I never thought to toss radishes with olive oil! I definitely have to remember this! And those beautiful chive flowers tasted lovely.

Back to The Bachelor Farmer:

Our appetizer: Morel mushrooms, pheasant egg, toasted pain de mie, thyme


After dining, you receive your bill in this great little moleskin notebook, where you can leave your own comments:

This is most definitely a place I’d like to come back to and try a full meal. However, you have to be pretty open minded. The food is more on the unusual side of the foodie spectrum. I did notice that they have a 3-course Sunday Supper for roughly $30. It changes weekly and is posted to their web page each Saturday:

“Sunday Supper is a set three-course menu consisting of a soup, salad or toast to start, followed by a family-style entrée, and then a dessert. While the entrées are often intended for two or more to share, they are also available in individual portions and a vegetarian option is always available.”

What is the most unusual food or meal you’ve tried?

What did you think about it?



My Favorite Way to Eat Popcorn


I wasn’t ever really a huge popcorn eater.

Though, we did eat the air popped stuff as kids. I loved throwing fluffy popped kernels to our dog, Jerry, as he tried to catch him in his mouth. {He definitely was a popcorn eater, just as our dogs are now!}

As I got older, I found that going to the movies and ordering a big tub of popcorn made me very thirsty…  which made me drink a ton of pop {or soda, depending from where you are reading this}… which made me have to pee in the middle of the movie… which always ended up in the middle of a significant part. So I decided: This is sooooo not worth it!

Now that I know that movie theater popcorn can be equivalent to a day’s worth of calories {or even two}, I am even less likely to get it.

But recently, I did find a way to really enjoy popcorn at home. My husband sometimes picks up those 100 calorie microwave popcorn bags, which are great, but can include unnecessary additives. So I was delighted this winter when I got popcorn in my CSA box:

The first time it showed up in the box, it was still on the cob and we had to shuck it. I don’t think that’s even the right term. Shucking is removing the leaves and silk, isn’t it? Well, we had to de-cob it, then. It was kind of fun. My husband is now my professional decobber. Ha ha.

We don’t have a popcorn popper, but my friend Ceci taught me that you can put popcorn kernels into a plain paper lunch bag, seal and microwave. Snack Girl clearly describes how to do this here. It’s great because there is no need to have any special equipment nor use any oil!

1/4 cup popcorn kernels...

... into my popcorn popper!

Popcorn is a healthy snack because in three full cups there are just 93 calories, 3.6 grams of fiber and 3 grams of protein. It’s the toppings that can put us over the edge if we aren’t careful.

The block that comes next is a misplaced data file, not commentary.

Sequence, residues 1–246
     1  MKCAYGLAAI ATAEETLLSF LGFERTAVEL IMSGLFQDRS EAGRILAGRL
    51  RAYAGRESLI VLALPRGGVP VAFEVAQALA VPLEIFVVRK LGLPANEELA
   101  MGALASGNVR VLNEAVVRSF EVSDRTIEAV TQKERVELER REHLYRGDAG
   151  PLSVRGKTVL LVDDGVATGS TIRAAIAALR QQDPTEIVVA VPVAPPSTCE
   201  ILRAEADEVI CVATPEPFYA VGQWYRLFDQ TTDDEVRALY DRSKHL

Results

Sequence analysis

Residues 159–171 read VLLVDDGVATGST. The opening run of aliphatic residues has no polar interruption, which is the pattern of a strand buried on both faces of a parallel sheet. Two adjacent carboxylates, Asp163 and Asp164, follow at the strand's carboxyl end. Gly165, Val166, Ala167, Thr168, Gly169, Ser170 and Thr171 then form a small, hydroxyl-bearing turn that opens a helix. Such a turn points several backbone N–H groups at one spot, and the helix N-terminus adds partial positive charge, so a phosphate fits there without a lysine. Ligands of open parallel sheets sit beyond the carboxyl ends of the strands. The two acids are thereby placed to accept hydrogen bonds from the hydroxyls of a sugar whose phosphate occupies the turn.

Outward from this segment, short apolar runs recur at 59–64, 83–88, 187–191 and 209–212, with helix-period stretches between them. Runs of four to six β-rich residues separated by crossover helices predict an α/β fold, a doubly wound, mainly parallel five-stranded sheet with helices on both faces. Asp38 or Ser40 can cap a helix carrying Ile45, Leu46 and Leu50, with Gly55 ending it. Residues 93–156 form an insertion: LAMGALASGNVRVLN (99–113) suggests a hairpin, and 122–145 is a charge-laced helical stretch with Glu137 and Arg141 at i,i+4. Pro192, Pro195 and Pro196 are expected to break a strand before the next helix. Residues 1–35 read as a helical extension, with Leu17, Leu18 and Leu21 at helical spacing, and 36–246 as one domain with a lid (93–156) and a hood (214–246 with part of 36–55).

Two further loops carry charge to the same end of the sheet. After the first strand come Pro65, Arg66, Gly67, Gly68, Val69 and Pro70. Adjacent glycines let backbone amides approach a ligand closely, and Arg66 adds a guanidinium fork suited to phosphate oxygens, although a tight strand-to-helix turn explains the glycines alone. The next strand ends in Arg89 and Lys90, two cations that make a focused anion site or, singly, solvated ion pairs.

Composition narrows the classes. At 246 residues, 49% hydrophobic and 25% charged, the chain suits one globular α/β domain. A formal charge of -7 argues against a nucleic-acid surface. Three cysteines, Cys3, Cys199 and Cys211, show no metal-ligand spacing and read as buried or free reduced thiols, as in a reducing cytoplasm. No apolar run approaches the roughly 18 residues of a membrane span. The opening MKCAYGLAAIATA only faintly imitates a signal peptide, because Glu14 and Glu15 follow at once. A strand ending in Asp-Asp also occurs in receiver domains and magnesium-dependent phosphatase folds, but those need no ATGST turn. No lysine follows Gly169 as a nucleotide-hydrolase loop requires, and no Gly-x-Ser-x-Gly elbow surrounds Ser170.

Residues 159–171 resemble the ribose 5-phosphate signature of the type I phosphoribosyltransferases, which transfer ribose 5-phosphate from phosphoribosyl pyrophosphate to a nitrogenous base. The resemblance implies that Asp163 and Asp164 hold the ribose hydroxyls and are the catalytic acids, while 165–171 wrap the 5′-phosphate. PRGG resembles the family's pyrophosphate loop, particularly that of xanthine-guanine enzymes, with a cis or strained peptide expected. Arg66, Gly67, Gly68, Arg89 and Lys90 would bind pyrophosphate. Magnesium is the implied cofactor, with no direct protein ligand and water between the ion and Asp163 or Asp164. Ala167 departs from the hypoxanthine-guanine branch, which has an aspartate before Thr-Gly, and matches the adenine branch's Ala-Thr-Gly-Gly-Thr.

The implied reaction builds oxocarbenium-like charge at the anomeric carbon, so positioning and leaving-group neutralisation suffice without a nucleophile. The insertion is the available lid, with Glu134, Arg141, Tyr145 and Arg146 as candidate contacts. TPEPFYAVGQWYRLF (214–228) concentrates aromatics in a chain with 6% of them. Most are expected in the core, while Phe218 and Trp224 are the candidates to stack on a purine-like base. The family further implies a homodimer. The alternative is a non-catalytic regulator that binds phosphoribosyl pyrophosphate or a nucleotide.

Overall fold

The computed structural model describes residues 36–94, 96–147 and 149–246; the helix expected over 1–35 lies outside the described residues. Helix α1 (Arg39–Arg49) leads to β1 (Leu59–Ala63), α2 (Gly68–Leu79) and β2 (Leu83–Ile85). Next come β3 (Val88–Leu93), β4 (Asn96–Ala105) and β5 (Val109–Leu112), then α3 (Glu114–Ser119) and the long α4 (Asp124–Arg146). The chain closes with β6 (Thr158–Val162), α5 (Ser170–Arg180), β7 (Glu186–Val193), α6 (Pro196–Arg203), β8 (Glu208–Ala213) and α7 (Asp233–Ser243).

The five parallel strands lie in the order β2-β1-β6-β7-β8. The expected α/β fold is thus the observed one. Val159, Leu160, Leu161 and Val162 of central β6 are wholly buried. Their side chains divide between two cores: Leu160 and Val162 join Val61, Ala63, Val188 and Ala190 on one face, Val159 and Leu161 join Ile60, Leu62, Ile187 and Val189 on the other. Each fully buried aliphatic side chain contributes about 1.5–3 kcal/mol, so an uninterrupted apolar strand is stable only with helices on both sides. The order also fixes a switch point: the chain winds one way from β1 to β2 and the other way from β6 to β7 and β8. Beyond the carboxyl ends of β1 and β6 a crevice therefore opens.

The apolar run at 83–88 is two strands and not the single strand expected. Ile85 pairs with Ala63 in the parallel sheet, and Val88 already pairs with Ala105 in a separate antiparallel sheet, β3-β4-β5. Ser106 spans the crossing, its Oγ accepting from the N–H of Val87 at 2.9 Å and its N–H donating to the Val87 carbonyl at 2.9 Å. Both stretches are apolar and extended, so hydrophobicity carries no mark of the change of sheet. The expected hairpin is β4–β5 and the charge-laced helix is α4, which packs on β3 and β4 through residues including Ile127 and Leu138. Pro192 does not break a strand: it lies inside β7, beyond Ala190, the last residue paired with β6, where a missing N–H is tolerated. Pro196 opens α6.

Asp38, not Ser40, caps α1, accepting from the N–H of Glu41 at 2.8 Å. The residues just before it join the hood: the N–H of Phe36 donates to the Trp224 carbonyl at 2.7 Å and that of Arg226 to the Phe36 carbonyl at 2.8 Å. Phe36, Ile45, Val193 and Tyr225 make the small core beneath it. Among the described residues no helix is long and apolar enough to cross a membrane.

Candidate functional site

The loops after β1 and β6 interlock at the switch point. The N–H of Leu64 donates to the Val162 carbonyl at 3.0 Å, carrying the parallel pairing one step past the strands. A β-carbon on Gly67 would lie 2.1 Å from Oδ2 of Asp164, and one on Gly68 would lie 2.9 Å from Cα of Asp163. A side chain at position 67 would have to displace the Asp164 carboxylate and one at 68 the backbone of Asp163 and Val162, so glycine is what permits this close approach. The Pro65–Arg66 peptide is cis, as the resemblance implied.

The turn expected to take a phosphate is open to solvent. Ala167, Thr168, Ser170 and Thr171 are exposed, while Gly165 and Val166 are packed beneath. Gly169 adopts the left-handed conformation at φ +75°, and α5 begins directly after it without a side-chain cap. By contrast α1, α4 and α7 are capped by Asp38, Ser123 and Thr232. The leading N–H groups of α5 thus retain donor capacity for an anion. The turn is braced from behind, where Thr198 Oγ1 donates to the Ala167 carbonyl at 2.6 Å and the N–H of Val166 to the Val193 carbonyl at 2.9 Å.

Here is my current favorite combination of toppings:

  • Wildtree European Dipping Oil – either the Tuscan or the Garlic
    • This is combination of expeller pressed grapeseed oil {which is actually better for you than olive oil!}, garlic and other herbs.
    • I know. It’s oil, so it adds calories. But I only drizzle a half Tbsp for a two to three cup bowl of popcorn. That’s approximately 60 calories.
  • Parmigiano Reggiano cheese
    • This is the real deal. Forget the parmesan in the green can.
    • I want quality over quantity.
    • Take that quality a notch higher and get the fresh wedge and grate it when you use it. I just like having a big ol’ container from Costco like the one above so I can sprinkle it quickly on anything.
    • Only 20 calories per Tbsp!
  • Rosemary Herb Seasoning Mix from Pampered Chef – season to taste
    • This is one of my absolute favorite seasonings, but you could use any seasoning you like.

My popcorn concoction: 173 calories

You can throw in an extra Tbsp of the Parm if you love it. and you’re still under 200 calories!

Ready for a movie? If so, pop one in, curl up and give this one a try.

Note: This is not Rob’s favorite way to eat popcorn, so we make ours separately. He’ll add some butta or some cheddar seasoning to his. No matter what, we are sure to Season It Already! The possibilities are endless…

What is your favorite way to eat popcorn?

The Difference Between a Good Wine and a Great Wine – Part 5


Wine Wednesday: The Difference Between a Good Wine & a Great Wine…

In the past few weeks, we’ve been examining five reasons that differentiate a good wine from a great wine:

1) Terroir

2) Age of the Vines

3) Yield of the Vine

4) Vintage

Today, we will wrap up that topic with: